—The Times (London)

In a dark room of a dilapidated house, as a storm rages outside, Matthew lights a candle and places it in the center of the floor. Its light spreads across the wall and illuminates Sophie, tied up in a chair facing him. She is frightened, fearful of what he might do next. But for now, it seems, all Matthew wants to do is talk. Talk about the events of nearly twenty years ago, about their strange childhood, and about the summer when Sophie grew up and everything changed . . . forever.

Young Mattie and Sophie lived in a world seemingly without constraints. Their cold mother barely paid attention to her children. Their father, a mere shadow in their lives, was never home. So Mattie and Sophie had the run of the gardens and the woods beyond. They played youthful games, but Sophie was extraordinarily intelligent, a fact she took great pains to hide from her teachers, so as not to stand out. Sophie was everything to Mattie, and he worshiped her. He wanted to know her secrets, the things that went on inside her brilliant mind. But Sophie was changing. And the summer before she went away to boarding school, the things she had worked so hard to conceal would come spilling out—and Mattie would have to live with the shocking consequences.

Now he’s all grown up, too, and Matthew wants answers to the questions that still darken his mind—no matter what the cost. . . .
With writing that is both devastating and tender, Mark Powell (The Sheltering) brings his acclaimed eye to an American marriage on the verge of rupture, spinning an all-too-current tale of the world we live in and the world we fear—and how we may not be able to tell the two apart—perfect for fans of Adam Johnson’s Fortune Smiles and Denis Johnson’s The Laughing Monsters.

Tess Maynard is coming apart. At home with her three young children in her husband’s Georgia hometown, people keep asking if she’s depressed, if she and John are okay.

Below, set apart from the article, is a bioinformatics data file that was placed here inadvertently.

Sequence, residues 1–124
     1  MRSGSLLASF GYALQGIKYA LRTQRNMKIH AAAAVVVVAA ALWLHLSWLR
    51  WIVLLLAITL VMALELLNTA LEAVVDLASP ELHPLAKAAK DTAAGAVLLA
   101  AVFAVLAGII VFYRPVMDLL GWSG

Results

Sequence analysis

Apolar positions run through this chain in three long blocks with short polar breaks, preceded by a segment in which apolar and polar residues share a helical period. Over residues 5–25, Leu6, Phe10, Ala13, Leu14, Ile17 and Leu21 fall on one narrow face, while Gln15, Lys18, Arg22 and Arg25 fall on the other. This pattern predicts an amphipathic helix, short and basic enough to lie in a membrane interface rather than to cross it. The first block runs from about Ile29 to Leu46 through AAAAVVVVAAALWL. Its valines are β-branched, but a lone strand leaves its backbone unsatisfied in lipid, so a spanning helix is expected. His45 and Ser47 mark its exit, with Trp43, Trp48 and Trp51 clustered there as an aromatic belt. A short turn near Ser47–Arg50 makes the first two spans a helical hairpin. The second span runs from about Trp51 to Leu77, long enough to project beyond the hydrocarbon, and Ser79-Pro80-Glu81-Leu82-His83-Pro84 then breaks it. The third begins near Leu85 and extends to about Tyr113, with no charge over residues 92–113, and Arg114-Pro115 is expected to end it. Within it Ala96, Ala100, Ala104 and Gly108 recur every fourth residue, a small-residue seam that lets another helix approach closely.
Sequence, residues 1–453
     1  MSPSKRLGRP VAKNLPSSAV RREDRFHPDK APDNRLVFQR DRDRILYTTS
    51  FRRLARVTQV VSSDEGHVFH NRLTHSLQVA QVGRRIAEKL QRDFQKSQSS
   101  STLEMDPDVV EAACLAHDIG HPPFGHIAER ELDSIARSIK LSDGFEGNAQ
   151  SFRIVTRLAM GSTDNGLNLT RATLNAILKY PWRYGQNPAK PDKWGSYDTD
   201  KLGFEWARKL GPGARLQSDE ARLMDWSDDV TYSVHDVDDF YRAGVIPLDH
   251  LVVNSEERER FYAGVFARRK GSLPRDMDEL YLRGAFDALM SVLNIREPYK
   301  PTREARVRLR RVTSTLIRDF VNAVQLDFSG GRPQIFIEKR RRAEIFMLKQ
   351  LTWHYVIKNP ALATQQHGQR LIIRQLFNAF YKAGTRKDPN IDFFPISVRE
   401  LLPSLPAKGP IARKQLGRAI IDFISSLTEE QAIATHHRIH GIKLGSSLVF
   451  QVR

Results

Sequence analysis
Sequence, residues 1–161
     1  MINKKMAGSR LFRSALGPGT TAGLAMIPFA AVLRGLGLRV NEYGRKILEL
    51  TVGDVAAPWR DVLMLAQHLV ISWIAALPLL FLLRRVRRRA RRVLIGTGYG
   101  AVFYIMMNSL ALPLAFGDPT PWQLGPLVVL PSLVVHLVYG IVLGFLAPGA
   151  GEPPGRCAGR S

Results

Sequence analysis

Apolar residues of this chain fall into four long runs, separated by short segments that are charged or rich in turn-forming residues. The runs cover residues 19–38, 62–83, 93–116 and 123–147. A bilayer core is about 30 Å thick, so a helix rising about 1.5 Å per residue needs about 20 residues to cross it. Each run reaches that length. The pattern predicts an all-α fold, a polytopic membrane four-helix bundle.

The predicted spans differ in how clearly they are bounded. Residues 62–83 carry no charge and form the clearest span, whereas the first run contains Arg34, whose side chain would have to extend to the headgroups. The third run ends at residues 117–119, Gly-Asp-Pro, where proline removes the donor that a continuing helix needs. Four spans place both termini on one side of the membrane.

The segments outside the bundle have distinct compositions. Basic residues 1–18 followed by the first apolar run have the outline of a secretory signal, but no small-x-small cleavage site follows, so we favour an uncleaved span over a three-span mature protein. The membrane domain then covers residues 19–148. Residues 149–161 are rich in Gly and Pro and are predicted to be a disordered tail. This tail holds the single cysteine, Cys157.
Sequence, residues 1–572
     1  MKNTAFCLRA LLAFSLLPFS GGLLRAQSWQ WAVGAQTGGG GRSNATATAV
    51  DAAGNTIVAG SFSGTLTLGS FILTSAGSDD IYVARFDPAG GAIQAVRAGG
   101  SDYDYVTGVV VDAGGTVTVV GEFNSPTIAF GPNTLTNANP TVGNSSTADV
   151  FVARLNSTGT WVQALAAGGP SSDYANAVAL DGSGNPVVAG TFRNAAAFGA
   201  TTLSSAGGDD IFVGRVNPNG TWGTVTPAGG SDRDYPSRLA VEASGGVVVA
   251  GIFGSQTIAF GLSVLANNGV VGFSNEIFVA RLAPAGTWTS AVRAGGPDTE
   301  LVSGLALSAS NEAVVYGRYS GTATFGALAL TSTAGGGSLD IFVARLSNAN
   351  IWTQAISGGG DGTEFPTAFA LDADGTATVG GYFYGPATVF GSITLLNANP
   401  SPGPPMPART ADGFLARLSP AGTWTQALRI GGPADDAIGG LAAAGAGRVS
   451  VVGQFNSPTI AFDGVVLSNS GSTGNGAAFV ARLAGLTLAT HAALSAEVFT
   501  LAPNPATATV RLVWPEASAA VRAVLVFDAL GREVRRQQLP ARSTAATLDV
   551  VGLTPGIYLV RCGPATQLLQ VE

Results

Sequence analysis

Secretly, she’s becoming obsessed with the war on terror—an ISIS beheading video in particular. Something about the victim’s captivity on the computer screen resonates with her. Something inside of her demands endless prayers for a world gone mad.

The carefully constructed life of her husband is likewise beginning to unravel. Now a college counselor, John’s former life bears persistently into the present. Once a contractor at a CIA black site that interrogated suspected terrorists—and one innocent civilian—he is given a choice by the Justice Department: either help with a problem in the homeland, or they investigate.

Forced by an old colleague to spy on a new one, John’s experiences abroad come home to roost in Georgia. For his wife, for his family, he goes along with the game. But just as he and Tess work to salvage their life together, the world comes between them in the form of a young man slowly being radicalized by the professor John is reporting on.

In a moment Tess imagined and never wanted to see, the intersection of their three lives is as devastating as the bomber’s explosion of hate and metal, and as inevitable as the battle between powers great and personal.
The lives of three very different women intersect in shocking ways in this “outstanding psychological thriller” (Library Journal, starred review), by the New York Times bestselling author of The Bookseller.

In the autumn of 1960, Angie Glass is living an idyllic life in her Wisconsin hometown. At twenty-one, she’s married to handsome, charming Paul, and has just given birth to a baby boy. But one phone call changes her life forever.

When Paul’s niece, Ruby, tells them that her father, Henry, has committed suicide and her mother, Silja, has gone missing, the newlyweds drop everything to be by Ruby’s side in the small upstate town of Stonekill, New York.

Angie thinks they’re coming to the rescue of Paul’s grief-stricken young niece, but seventeen-year-old Ruby, self-possessed and enigmatic, resists Angie’s attempts to nurture her. While taking up residence in Henry and Silja’s eerie, ultra-modern house on the edge of the woods, Angie discovers astonishing truths about the complicated Glass family. As she learns about Henry and Silja’s spiraling relationship, and Ruby’s role in keeping them together, and apart, Angie begins to question the very fabric of her own marriage.